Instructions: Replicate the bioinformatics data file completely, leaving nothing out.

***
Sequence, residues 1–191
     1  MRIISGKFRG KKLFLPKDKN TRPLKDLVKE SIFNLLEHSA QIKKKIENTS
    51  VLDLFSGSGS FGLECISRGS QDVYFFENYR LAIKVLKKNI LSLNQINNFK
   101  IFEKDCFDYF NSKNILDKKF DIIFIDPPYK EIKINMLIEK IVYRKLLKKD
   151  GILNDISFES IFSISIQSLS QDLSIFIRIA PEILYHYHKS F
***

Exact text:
Sequence, residues 1–191
     1  MRIISGKFRG KKLFLPKDKN TRPLKDLVKE SIFNLLEHSA QIKKKIENTS
    51  VLDLFSGSGS FGLECISRGS QDVYFFENYR LAIKVLKKNI LSLNQINNFK
   101  IFEKDCFDYF NSKNILDKKF DIIFIDPPYK EIKINMLIEK IVYRKLLKKD
   151  GILNDISFES IFSISIQSLS QDLSIFIRIA PEILYHYHKS F